Life on Mars
What a Riot: Riot Grrrl Julia Perani and King of Mars Richard Goodman square off in Berkeley Opera's latest adaptation.
Berkeley Opera brings a riot grrrl to town
By Gretchen Giles
LAST YEAR, the Sonoma City Opera went flashing into the past, commissioning an original opera about the life and dreams of Bear Flag Revolt loser General Mariano Vallejo. This year, they're doing the only natural thing: they're going to Mars. Via Berkeley. But of course.
Actually, this is easy to figure, given Sonoma City's long affiliation with the Berkeley Opera, a well-respected company that has brought many summer productions up north.
Never ones for the stodgy, this year they're putting on a production eloquently entitled The Riot Grrrl on Mars. Yep, in this production, it ain't over 'til the riot grrrl sings.
Leaping from Gioacchino Rossini's 1813 score for the commedia dell'arte romp The Italian Girl in Algiers, Berkeley Opera librettist David Scott Marley devised an entirely different story and lyric while disdaining to alter Rossini's music, save for the addition of a theremin.
A theremin? "It's a '50s electronic sound," explains Marley by phone from his East Bay home. "Oooooooooooh," he demonstrates. Oh, that sound.
As familiar as the theremin should be the conceit of Riot Grrrl. Taken from the rich loam of 1950s comic book lore, the story is loosely based on Rossini's original tale of a man who is kidnapped and sold into slavery in Algeria. The Italian Girl of the title travels to that exotic land to find her loved one and restore his freedom. To modern-day audiences, Marley reports, the concept of slavery and the ridiculing of foreigners is actually "not so funny."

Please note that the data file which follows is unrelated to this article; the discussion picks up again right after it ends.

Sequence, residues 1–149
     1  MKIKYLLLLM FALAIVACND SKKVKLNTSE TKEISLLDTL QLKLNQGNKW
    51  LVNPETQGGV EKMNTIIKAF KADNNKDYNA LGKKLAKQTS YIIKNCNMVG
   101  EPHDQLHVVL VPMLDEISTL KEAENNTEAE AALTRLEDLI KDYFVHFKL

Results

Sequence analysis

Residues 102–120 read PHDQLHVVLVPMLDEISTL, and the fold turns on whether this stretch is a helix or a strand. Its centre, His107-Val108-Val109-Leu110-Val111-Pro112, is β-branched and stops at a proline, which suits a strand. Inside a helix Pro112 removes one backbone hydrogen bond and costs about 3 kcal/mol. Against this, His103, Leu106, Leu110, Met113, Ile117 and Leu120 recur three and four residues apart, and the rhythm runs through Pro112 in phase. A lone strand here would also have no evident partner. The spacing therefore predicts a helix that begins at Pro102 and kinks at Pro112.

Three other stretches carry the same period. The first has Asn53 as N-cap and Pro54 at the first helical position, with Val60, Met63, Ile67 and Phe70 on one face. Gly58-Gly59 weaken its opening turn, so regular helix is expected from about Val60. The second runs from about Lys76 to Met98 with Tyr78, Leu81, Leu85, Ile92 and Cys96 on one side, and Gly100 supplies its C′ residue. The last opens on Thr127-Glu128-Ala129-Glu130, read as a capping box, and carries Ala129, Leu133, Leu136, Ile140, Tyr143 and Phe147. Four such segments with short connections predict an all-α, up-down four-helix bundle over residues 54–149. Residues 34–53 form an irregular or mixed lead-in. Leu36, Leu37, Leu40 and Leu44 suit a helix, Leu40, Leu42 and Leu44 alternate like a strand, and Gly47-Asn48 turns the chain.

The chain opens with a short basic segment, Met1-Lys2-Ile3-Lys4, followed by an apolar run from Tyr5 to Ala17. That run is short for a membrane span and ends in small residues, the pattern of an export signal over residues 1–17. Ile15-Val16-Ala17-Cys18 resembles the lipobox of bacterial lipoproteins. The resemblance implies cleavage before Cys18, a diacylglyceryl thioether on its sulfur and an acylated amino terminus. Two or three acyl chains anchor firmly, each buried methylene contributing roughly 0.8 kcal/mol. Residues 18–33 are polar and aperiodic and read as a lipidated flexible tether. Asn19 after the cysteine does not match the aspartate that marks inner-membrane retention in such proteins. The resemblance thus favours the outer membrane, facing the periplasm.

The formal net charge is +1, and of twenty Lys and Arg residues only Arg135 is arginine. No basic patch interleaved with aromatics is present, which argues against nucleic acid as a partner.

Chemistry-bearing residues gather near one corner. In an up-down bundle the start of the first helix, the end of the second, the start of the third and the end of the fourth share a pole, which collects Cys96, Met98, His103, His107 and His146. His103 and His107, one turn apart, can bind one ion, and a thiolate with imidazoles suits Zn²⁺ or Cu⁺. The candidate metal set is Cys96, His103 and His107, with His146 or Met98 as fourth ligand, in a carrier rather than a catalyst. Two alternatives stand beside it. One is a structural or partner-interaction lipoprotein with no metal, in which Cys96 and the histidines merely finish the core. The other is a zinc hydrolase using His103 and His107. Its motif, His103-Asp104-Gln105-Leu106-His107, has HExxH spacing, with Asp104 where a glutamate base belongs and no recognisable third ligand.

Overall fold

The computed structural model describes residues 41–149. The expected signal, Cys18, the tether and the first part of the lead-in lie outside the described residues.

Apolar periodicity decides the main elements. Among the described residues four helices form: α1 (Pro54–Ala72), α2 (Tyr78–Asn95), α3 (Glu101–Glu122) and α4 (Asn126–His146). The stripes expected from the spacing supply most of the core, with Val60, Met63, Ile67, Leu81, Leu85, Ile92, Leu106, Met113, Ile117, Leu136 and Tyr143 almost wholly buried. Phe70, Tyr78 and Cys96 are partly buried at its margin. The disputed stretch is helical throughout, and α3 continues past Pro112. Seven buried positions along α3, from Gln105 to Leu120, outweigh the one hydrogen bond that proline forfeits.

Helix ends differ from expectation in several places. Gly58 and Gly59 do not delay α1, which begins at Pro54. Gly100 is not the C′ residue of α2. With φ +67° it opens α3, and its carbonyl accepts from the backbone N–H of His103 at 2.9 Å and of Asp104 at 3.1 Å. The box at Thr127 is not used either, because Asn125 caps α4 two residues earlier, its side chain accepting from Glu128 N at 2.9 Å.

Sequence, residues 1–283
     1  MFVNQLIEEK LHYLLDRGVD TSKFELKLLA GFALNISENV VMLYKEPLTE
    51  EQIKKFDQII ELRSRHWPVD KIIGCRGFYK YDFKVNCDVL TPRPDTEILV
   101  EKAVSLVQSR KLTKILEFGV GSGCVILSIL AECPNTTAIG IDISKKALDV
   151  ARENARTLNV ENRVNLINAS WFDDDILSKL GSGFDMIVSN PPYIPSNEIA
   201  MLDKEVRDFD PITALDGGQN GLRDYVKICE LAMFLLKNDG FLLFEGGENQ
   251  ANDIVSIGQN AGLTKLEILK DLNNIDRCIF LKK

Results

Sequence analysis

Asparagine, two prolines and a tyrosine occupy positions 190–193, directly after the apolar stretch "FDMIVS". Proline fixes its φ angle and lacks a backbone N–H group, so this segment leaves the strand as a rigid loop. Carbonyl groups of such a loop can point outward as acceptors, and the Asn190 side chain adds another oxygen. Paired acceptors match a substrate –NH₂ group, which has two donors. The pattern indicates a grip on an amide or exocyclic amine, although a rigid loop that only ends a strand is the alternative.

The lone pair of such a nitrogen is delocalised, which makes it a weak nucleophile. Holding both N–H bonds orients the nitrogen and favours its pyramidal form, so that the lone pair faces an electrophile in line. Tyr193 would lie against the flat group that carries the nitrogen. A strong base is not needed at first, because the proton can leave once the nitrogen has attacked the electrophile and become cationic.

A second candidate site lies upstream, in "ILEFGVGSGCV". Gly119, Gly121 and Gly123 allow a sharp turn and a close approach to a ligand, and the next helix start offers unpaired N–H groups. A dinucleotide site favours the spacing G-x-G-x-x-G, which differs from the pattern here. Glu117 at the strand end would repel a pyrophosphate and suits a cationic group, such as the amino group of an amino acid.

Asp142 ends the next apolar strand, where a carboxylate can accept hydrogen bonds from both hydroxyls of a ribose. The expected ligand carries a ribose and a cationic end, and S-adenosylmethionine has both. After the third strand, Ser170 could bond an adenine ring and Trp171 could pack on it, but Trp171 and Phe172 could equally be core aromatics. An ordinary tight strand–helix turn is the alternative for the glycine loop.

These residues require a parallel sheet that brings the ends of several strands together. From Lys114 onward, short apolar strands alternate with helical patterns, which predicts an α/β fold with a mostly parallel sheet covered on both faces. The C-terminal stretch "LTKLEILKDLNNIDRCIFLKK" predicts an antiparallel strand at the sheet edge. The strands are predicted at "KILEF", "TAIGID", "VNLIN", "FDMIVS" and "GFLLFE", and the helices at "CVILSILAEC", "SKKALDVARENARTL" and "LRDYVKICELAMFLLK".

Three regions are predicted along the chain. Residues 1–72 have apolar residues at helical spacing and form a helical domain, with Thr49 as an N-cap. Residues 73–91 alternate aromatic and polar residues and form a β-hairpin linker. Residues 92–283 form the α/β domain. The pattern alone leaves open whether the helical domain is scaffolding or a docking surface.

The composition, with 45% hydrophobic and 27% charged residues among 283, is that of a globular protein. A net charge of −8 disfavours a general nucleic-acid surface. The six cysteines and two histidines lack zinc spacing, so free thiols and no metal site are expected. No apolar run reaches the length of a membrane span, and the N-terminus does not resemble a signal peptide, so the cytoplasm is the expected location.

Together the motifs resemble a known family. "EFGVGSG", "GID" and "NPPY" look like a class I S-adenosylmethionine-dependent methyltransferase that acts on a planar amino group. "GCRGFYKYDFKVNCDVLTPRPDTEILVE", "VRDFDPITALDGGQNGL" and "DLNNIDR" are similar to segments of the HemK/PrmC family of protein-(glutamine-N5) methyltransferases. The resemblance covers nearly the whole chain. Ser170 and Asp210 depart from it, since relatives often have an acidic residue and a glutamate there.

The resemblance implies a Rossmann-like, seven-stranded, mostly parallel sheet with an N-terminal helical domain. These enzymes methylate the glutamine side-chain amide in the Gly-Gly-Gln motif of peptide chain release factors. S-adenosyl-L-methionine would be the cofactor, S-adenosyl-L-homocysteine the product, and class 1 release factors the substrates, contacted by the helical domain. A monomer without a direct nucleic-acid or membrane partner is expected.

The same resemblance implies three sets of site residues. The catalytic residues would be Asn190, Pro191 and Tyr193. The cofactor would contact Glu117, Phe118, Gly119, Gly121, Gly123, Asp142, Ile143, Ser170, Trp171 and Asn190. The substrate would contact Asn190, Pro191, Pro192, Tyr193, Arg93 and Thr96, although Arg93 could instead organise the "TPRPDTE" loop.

But take the story out of a real-life context, add some cool-looking ray guns and brightly costumed Martians, make the title character a punk-rock singer set to rescue her musician boyfriend from a TV-addled alien king, and you've got yourself a comedy.
Marley's struggle has been to take the broad archetypes of commedia dell'arte, instantly recognizable to the audience of Rossini's day, and to give this generation of opera-goers the same sense of the absurd and the wondrous.
"What," Marley asks rhetorically, "is the equivalent of Algeria to a modern audience? We were looking for those things that have the same significance as they would to a period audience."
When someone suggested that being kidnapped by a UFO had that same "never-neverland quality" to it, the idea was initially pooh-poohed. But the appeal grew, and so did Marley's perplexities. Take the Italian Girl, for example. In Rossini's time, the coupling of those two simple words evoked an image of an independent woman with wiles. Today, Marley correctly notes, that just means "a woman who comes from Italy."
"So," he continues, "my challenge became to find a typical archetype of a strong woman. I spent," he sighs, " a couple of months on that theme alone." And then he hit upon the riot grrrl phenom of the early '90s, exemplified by such go-it-alone rockers as Liz Phair and righteous babe Ani DiFranco.
"Some people were concerned that since an opera audience is made up primarily of older people, they might be put off," says Marley. "But at no point do we expect the audience to come in armed with the finer points of punk rock."
Keeping it light is the key for this popular rendering, which has received rave reviews in the San Francisco Chronicle during its continuing run at the Julia Morgan Theater.
Marley has a pretty good grasp on why his production is wowing 'em. "I'm concerned with keeping the theatrical values high and not sacrificing them for the musical values solely.
"Opera has had a strange history in America," he mulls. "Since it was brought over by immigrants, it seems exotic and as though it's just for rich people. Unfortunately, that's the best way to fund it, and in order to attract contributors, you have to make it look like something that rich people would like. All of this leads to a kind of snobbery, and that," he says, "is a shame."
The Riot Grrrl on Mars plays Saturday-Sunday, Aug. 2-3, at 6:30 p.m. outdoors at the Sonoma Barracks. 20 E. Spain St., Sonoma. Tickets are $9-$22; box suppers are available with advance order. 939-9036.
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From the July 31-Aug. 6, 1997 issue of the Sonoma County Independent.
© Metro Publishing Inc.